I’m a bit of a fan of 80’s Kiwi music so for my wife’s birthday this year I got us all tickets to Dave Dobbyn’s Acoustic Church Gig here in Christchurch. Dobbyn is doing two gigs down here, I chose the Christchurch Cathedral as the venue of choice.

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All went well until the Christchurch Earthquake – because of some damage to the Cathedral, the promoters decided to move the gig to the underwhelming and slightly sterile James Hay theatre.

The whole point of this event, for me anyway, was seeing Dobbyn perform in a beautiful, and acoustically interesting Church. A gig in a conference venue just doesn’t cut it.

I contacted the promoters and asked whether I could swap the tickets for the second gig which is still occurring in a Church. the reply they sent declined my request saying:

Unfortunately we will be unable to perform a transfer for your order.  When tickets are purchased they are done so under the conditions that they are neither non-refundable nor transferable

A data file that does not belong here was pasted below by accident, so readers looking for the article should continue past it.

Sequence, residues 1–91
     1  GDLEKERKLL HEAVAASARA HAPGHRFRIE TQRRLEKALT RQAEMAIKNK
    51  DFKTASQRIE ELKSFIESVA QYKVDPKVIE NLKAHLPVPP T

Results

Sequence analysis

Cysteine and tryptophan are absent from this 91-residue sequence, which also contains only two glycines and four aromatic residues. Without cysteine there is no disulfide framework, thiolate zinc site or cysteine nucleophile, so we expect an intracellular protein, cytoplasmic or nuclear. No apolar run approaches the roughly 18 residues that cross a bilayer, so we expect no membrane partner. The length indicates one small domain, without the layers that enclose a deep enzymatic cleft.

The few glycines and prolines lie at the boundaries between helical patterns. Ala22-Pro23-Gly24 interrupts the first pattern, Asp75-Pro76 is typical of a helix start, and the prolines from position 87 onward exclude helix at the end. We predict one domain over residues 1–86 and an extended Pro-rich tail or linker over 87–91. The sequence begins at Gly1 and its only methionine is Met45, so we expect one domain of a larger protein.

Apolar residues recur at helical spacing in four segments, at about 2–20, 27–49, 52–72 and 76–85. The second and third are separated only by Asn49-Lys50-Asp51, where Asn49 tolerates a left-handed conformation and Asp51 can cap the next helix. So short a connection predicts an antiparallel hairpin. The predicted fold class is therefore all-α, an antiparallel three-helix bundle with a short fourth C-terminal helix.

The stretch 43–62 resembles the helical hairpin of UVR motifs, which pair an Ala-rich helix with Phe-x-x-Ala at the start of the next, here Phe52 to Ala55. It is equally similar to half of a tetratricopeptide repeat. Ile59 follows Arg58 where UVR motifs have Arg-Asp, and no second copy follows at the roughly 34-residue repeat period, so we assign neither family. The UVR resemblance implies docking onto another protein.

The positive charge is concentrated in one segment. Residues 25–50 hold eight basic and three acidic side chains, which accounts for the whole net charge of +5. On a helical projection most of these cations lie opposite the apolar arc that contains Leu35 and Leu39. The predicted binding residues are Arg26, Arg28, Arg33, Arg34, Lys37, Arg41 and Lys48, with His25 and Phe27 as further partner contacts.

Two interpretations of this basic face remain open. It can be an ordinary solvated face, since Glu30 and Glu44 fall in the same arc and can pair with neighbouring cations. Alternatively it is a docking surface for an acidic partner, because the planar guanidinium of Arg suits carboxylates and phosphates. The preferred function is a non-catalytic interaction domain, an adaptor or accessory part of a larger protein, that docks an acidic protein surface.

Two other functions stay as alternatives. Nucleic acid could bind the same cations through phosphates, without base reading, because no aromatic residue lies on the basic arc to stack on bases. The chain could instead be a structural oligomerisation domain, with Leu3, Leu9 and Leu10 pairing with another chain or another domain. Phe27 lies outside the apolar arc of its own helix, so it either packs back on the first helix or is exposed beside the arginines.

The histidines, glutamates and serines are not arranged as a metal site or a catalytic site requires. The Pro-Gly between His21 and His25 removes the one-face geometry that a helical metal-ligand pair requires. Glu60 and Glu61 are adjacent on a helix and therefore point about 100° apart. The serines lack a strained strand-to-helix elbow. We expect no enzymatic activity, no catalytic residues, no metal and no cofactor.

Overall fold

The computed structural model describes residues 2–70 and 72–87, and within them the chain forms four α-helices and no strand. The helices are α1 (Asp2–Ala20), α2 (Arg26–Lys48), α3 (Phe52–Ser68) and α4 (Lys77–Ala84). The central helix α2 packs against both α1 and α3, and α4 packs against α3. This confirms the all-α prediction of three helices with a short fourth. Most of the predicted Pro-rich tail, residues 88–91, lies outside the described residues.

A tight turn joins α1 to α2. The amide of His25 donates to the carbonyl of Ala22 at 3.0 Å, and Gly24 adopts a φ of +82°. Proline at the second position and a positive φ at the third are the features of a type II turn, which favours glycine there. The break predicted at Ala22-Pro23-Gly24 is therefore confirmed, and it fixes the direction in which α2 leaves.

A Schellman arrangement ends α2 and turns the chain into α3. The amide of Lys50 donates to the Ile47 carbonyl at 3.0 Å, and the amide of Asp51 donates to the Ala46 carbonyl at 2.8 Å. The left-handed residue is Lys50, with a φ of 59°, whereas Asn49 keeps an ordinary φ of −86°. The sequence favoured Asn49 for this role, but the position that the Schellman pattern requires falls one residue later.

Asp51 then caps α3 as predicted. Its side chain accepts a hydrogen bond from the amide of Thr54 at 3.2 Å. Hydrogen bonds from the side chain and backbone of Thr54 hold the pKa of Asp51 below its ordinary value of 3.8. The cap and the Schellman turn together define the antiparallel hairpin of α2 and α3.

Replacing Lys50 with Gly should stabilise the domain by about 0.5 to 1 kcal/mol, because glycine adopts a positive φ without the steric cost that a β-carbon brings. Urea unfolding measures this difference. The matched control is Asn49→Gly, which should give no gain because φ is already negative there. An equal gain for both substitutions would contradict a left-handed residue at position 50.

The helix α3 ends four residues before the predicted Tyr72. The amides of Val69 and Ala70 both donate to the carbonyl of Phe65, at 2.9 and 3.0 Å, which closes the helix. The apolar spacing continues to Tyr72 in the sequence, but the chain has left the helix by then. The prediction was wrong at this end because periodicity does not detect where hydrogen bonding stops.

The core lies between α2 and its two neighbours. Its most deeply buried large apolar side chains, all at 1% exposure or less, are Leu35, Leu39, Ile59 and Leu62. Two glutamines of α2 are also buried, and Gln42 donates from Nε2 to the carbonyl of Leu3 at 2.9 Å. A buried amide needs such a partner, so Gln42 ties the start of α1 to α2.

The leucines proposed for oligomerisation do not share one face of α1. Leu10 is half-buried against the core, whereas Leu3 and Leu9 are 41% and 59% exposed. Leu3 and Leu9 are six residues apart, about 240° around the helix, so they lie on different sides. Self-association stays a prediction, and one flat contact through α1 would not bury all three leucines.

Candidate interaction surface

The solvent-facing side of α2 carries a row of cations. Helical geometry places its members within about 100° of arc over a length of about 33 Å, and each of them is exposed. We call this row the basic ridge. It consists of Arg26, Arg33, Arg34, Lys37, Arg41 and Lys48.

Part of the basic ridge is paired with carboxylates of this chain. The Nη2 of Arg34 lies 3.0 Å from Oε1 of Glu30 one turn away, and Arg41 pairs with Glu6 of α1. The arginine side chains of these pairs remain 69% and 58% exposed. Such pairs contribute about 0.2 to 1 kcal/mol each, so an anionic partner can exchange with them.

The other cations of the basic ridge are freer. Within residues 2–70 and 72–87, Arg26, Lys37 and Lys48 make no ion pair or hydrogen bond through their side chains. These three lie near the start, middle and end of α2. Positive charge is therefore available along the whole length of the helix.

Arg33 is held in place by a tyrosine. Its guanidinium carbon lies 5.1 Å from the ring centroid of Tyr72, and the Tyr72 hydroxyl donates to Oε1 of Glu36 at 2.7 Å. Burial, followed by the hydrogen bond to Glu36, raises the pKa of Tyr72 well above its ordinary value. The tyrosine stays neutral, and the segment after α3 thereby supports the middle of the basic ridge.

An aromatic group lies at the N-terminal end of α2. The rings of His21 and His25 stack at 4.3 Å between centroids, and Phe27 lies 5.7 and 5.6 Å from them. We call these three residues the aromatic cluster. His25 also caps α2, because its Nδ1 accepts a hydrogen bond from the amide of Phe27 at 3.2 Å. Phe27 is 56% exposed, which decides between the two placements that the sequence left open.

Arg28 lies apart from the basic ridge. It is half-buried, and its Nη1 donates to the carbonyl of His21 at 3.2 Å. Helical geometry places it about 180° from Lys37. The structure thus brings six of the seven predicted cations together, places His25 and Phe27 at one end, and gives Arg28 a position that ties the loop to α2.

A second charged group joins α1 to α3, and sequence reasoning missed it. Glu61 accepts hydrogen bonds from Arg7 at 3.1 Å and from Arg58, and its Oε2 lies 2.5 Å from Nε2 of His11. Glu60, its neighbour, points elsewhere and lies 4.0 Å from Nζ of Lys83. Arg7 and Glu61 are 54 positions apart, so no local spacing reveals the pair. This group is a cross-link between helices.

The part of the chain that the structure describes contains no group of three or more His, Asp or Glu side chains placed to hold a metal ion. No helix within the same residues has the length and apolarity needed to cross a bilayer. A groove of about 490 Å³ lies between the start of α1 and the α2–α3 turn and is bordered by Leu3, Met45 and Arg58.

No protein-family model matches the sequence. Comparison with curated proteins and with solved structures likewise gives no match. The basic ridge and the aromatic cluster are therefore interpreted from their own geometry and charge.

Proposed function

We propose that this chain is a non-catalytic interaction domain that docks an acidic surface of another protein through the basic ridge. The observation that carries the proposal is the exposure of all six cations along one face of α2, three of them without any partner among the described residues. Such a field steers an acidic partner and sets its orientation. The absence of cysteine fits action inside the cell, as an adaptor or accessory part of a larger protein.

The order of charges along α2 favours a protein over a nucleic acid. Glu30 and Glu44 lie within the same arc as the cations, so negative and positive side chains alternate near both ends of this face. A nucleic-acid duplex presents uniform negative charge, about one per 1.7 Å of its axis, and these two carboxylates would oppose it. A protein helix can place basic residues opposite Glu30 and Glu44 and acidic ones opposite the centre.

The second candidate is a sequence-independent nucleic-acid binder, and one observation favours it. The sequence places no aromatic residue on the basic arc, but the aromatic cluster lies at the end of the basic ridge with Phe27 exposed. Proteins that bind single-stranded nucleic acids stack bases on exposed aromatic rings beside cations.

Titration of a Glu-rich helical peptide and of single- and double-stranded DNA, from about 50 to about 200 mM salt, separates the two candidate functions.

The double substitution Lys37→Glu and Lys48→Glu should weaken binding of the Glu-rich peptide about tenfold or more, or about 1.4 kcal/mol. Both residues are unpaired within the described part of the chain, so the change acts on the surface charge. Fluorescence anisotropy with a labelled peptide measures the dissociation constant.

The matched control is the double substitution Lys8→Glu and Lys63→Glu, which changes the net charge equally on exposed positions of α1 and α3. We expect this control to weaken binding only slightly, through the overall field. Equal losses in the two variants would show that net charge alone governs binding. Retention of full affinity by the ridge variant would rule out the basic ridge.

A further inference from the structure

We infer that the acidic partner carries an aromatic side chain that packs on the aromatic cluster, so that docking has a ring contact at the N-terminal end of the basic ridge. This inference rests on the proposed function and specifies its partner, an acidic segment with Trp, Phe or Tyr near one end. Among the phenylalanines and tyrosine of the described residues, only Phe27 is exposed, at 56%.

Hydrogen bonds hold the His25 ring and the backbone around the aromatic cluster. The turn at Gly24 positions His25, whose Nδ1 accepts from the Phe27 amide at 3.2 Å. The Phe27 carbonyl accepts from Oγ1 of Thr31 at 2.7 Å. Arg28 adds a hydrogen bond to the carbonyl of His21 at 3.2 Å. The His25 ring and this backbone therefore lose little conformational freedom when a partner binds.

They also quoted the terms and conditions which said that:

Rescheduled event. The Presenter reserves the right to alter the line up, date, time and/or venue. If the event is rescheduled then Your ticket to the advertised event will remain valid.

Not wanting to be pedantic but… When an event that is hailed as an “Acoustic Church Tour” can no longer be held in a Church, surely that constitutes grounds for a ticket refund.

Thoughts?

Ben Kepes

Ben Kepes is a technology evangelist, an investor, a commentator and a business adviser. Ben covers the convergence of technology, mobile, ubiquity and agility, all enabled by the Cloud. His areas of interest extend to enterprise software, software integration, financial/accounting software, platforms and infrastructure as well as articulating technology simply for everyday users.

1 Comment
  • Not wanting to be pedantic but… When an event that is hailed as an “Acoustic Church Tour” can no longer be held in a Church, surely that constitutes grounds for a ticket refund.

    Thoughts?

    I’d back you on this one. Removing it from a church could be grounds for false advertising.

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